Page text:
"Owen, what happened out there?" I asked, after giving him some time to cool down.
"I got angry with you because I don't want to go inside," he replied, not looking me in the eye, fiddling with the button on my cardigan.
I paused and considered my response, "Do you get angry when your teacher tells you it's time to go inside?"
"No," he responded, as if I had asked him if he had shoes growing out of his ears, "I just go inside!"
"Ah," I said, "So why do you listen to Miss Dot but you don't listen to your mother?"
He smiled, "Oh! That's because I like Miss Dot better than you."
Joel's language is slowly developing. He'll say a handful of words, although his favorites include: "cracker," "dog," "chicken," and "Dada." He understands everything we say perfectly.
Yet, when I say, "Joely, say 'Mama'" he shakes his head so violently that I fear it will fall off.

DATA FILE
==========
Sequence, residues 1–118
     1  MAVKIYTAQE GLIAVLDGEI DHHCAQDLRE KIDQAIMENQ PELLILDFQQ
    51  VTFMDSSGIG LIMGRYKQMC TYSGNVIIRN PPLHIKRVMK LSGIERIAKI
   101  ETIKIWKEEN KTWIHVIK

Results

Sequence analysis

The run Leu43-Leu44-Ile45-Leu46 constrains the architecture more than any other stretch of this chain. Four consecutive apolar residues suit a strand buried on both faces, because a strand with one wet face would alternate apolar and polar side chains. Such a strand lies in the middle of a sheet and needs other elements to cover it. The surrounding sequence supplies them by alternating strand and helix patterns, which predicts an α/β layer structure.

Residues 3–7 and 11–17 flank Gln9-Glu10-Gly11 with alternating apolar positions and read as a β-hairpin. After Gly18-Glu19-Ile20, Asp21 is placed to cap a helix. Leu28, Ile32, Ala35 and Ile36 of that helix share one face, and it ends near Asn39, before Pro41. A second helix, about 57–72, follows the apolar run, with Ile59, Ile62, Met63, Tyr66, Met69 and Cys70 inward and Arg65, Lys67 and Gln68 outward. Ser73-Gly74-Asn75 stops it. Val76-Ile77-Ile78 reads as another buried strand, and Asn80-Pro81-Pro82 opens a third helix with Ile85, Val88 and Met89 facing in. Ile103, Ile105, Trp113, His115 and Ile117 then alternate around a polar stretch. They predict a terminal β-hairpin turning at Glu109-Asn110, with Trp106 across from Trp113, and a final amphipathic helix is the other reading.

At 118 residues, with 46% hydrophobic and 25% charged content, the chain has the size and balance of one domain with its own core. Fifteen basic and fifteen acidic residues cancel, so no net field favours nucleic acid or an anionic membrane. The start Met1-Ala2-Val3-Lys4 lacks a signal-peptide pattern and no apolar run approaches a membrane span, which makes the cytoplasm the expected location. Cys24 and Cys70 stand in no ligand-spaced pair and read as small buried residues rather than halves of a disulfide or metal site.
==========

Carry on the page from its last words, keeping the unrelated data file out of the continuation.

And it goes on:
He refuses to say my name. And, then, he laughs in my face. Little bugger.
These small indignities pass, and I need to recognize that my children are so comfortable with me that they can revel in my love even in the midst of their jackassery. They know that they are cherished more than the stars and the sea. They know.
Yesterday, Owen asked, "Is my president George Washington?"
"No, honey," I replied.
He sat for a moment and asked, "Is my president Barack Obama?"
"That's right, sweetie," I replied.
He thought for another beat, then said, "He's always with me, all the time."
I laughed. "No, honey. I think you're getting him mixed up with Jesus."
"Oh," he said. "Jesus stands in trees and goes pee-pee."
"Right," I said. "Obama goes pee-pee in the potty."
"Thanks, Mommy." He said, "Now I understand."
Perhaps this moment alone is worth the small indignities.